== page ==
By Jena Ardell
By Jon Campbell
By Alan Scherstuhl
By Tessa Stuart
By Roy Edroso
By Jon Campbell
By Albert Samaha
By Zachary D. Roberts
Even a poster declaring "Street Harassment is a Crime!" in bold letters didn't deter a group of guys standing on a Brooklyn corner from ogling 17-year-old LaTosha Belton. She was wearing knee-length shorts, a tank top, a short-sleeved sweater and she was carrying a stack of antisexual harassment posters.
"Read this!" she challenged, responding to their hisses and come-ons.
"What? I can't tell you, you look nice?" one man asked puzzled.
"What does this say?" she asked while pointing to the poster. "You are harassing me and I don't like it."
Nearby, five girls, interns from Girls for Gender Equity, like Latosha, positioned a poster on the wall of a bodega. The owner agreed to let them tape it up, but not too high because he didn't want it blocking his ads for malt liquor and Newport cigarettes. Nonetheless, the girls were happy with the space. Anything to get the word out about street harassment. The men standing eight feet away were proof that they were pretty much on to something.
The posters are just one part of the girls campaign.
Inspired after watching War Zone, a documentary made almost a decade ago on aggressive male behavior toward women in public places, Latosha and her peers decided to create their own documentary short.
Hey...Shorty takes a look at the men who initiate street harassment and the young women who are preyed upon. With help from the Malcolm X Grassroots Movement, the girls, who range in age from 15 to 18, shot and directed the 18-minute clip. Confronting men who confront them was hard for some of the teens. "Most of men we interviewed were 25 and older," said Fendi Hope, 16. "They didn't have good enough reason to say the things they said. It's just a sport for them."
The film features two particularly earnest fellows who break down their curbside manner. As an unsuspecting woman walks toward them they try to decipher her body language. "She has her arms crossed and headsets in her ear," one observes. "She gonna act like she don't hear us, watch." They shower her with their best lines: "Excuse me, Miss. Miss? Can I talk to you for a second? Oh you don't hear me? OK, you have a nice day." They turn back to the camera: "They think they are too good for us," one says. The other says that their caveman approach to romance is needed because, "women today don't want men, they want women." He believes broadsiding them with unwanted compliments will bring them around. It's this mentality that inspired the campaign.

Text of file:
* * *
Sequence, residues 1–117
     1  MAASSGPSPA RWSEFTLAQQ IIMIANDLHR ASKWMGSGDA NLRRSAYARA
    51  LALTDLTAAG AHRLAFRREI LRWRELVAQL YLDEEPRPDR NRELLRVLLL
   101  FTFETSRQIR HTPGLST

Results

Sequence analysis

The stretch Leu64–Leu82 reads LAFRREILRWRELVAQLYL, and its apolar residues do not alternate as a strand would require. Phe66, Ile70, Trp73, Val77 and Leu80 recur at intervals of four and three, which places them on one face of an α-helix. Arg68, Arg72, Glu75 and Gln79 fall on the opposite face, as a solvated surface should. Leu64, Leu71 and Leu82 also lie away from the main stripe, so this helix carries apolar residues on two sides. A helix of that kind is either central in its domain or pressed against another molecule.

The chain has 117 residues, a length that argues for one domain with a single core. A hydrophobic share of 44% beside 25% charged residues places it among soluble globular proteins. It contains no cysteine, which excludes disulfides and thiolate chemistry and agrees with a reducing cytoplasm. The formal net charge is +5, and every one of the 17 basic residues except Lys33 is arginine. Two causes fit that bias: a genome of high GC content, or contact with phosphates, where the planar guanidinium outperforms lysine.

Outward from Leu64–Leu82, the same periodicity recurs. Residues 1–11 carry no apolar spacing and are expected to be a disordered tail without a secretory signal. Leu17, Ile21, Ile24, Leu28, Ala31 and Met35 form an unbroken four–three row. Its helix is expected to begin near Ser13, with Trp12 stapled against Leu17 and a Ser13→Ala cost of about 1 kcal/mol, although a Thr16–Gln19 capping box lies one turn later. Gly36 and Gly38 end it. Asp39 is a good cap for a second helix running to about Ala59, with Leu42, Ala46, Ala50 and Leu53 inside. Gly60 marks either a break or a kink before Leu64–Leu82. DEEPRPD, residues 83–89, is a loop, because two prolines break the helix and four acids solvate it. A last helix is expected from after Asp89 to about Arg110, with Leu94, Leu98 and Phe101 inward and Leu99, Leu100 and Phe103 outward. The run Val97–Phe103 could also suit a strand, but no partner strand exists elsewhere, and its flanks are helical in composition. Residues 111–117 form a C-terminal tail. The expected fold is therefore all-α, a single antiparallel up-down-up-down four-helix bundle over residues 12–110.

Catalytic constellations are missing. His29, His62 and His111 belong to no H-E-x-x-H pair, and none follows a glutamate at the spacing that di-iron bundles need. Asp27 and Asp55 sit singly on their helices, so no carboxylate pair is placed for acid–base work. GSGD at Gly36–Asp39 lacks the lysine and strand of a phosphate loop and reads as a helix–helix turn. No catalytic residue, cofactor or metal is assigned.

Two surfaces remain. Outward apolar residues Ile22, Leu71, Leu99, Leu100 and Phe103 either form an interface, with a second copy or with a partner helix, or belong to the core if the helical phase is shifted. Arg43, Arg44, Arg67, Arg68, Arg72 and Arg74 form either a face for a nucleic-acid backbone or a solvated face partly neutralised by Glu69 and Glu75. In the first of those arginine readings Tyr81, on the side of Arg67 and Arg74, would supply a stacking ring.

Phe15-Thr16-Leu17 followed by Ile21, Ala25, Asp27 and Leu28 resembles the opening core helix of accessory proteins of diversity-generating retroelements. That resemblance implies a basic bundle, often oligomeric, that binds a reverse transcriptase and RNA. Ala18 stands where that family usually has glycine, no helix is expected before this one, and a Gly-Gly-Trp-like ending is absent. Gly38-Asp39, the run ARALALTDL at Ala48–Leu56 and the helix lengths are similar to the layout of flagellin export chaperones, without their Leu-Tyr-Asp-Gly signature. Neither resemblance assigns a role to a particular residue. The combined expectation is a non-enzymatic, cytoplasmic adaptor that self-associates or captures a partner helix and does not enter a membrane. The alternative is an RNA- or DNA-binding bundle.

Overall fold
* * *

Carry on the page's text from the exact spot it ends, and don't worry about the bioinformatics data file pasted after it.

The girls say that besides words, the men sometimes throw whatever they can get their hands on: cans, glass bottles, garbage cans. In Latosha's case, it was a brick. "I was walking with some friends and this guy tired to talk to us," said Belton, 17. "We didn't respond and just when we got a few feet away, a brick comes flying over our heads."
All of them agree that they get the worst treatment on Brooklyn's busiest streets, like Fulton Street, where their offices are located.
Joanne Smith is the founder of the volunteer-run youth development organization, Girls for Gender Equity. Their main goal is to provide young girls and women with skills and self-esteem to succeed. "The reality of street harassment has to be a conversation," Smith says. "I'm Haitian and where we are based there is a large West Indian community. In this culture there are no words to explain what sexual harassment is and why it's wrong."
In early May, to accompany a screening of the film, they organized a one-day summit that was attended by 200 teenage girls (and a sprinkling of boys) that offered self-defense classes, workshops that taught the kids how to handle street harassment and understand their legal rights when the verbal insults turn physical.
The final installment of their campaignand the reason the group was walking down Fulton Street on a sunny June weekdayis a poster, whose bold letters were failing to catch the attention of men too busy checking out the girls' figures. The poster features a young woman standing in front of the shadows of men and a checklist: "I am followed by older men every day after school," "I am afraid to walk with my sisters or friends at night," and "Men think my name is 'Psst . . . ma!' or 'Ayo, shorty!' " Under the line "Street Harassment Is a Crime!" reads: "New York law prohibits street harassment (Article 120 and Article 240). You are not alone."